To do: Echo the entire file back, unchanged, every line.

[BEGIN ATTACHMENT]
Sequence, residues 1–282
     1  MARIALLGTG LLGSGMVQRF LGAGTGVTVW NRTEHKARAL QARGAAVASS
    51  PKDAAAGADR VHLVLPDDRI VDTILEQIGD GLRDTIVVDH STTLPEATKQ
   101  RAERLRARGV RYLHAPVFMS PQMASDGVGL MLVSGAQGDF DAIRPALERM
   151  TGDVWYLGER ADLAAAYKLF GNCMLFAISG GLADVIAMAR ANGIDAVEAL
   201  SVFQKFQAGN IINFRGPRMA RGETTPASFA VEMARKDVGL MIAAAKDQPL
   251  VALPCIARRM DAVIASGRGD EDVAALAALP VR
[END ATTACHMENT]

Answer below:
Sequence, residues 1–282
     1  MARIALLGTG LLGSGMVQRF LGAGTGVTVW NRTEHKARAL QARGAAVASS
    51  PKDAAAGADR VHLVLPDDRI VDTILEQIGD GLRDTIVVDH STTLPEATKQ
   101  RAERLRARGV RYLHAPVFMS PQMASDGVGL MLVSGAQGDF DAIRPALERM
   151  TGDVWYLGER ADLAAAYKLF GNCMLFAISG GLADVIAMAR ANGIDAVEAL
   201  SVFQKFQAGN IINFRGPRMA RGETTPASFA VEMARKDVGL MIAAAKDQPL
   251  VALPCIARRM DAVIASGRGD EDVAALAALP VR